Emerging market stars have lost their lustre
Investors withdrawing money over fears of Fed tightening monetary supply
The truth is more banal: the real cause of the expansion that precedes the typical financial crisis is usually a flood of cheap (or relatively cheap) credit, often from abroad.
Thai companies in the 1990s borrowed dollars short-term at low rates of interest and made long-term investments in property, industry and infrastructure at home, where they expected high returns in Thai baht, a currency that had long held steady against the dollar.
The same happened in Spain and Portugal in the 2000s, although the low-interest loans that fuelled the property boom were mostly north-to-south transfers within the euro zone and in the same currency as the expected returns. Indeed, the euro was labelled “a deadly painkiller” because the use of a common currency hid the financial imbalances emerging in southern Europe and Ireland.
Phase Two of a financial crisis is the downfall itself. It is the moment when everyone realises the emperor is naked; to put it another way, the tide of easy money recedes for some reason, and suddenly the current account deficits, the poverty of investment returns and the fragility of indebted corporations and the banks that lent to them are exposed to view.
That is what has started happening over the past two weeks as investors take stock of the Fed’s likely “tapering”. And the fate of India – the rupee is one of the “Fragile Five”, according to Morgan Stanley, alongside the currencies of Brazil, Indonesia, South Africa and Turkey – is particularly instructive.
It is not that all of India’s economic fundamentals are bad. As Palaniappan Chidambaram, finance minister, said on Thursday, the public debt burden has actually fallen in the past six years to less than 70 per cent of GDP – but then the same was true of Spain as it entered its own grave economic crisis in 2009. Like Spain, India has tolerated slack lending practices by quasi-official banks to finance the huge property and infrastructure projects of tycoons who may struggle to repay their loans.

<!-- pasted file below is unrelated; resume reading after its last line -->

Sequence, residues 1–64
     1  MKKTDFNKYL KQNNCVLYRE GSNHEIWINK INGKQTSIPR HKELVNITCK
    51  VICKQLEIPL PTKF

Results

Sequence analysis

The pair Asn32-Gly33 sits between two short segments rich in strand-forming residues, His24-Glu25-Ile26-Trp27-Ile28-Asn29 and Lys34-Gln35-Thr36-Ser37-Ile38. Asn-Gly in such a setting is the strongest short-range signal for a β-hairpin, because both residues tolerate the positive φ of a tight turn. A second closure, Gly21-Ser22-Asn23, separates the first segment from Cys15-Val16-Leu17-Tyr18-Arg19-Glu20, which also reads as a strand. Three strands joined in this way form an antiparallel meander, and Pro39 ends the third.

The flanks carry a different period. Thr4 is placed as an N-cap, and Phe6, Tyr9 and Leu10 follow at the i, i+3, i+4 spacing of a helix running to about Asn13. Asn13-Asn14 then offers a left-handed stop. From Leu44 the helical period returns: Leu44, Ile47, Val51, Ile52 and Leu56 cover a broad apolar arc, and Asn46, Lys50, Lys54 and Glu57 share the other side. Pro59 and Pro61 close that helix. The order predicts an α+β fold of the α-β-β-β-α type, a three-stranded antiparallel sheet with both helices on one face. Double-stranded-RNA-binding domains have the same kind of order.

Ominously, bad and restructured loans have more than doubled at Indian state banks in the past four years, reaching an alarming 11.7 per cent of total assets. According to Credit Suisse, combined gross debts at 10 of India’s biggest industrial conglomerates have risen 15 per cent in the past year to reach $102 billion.
For those who take the long view, a more serious failing is that India has manifestly missed the kind of economic opportunity that comes along only once in an age. Instead of welcoming investment with open arms and replacing China as the principal source of the world’s manufactured goods, India under Sonia Gandhi and the Congress party, long suspicious of business, has opted to enlarge the world’s biggest welfare state, subsidising everything from rice, fertiliser and gas to housing and rural employment.
Phase Three is when ministers and central bank governors survey the wreckage of a once-vibrant economy and try to work out how to rebuild it. India’s underlying economy is nevertheless sound and its banks are safe, say Mr Chidambaram and other senior officials. There is therefore no need to contemplate asking for help from the IMF or anyone else.
Mr Sócrates said much the same in Lisbon three years ago. “Portugal doesn’t need any help,” he said. “We only need the understanding of the markets.” The markets did not understand, and Portugal did need the help.
– Copyright The Financial Times Limited 2013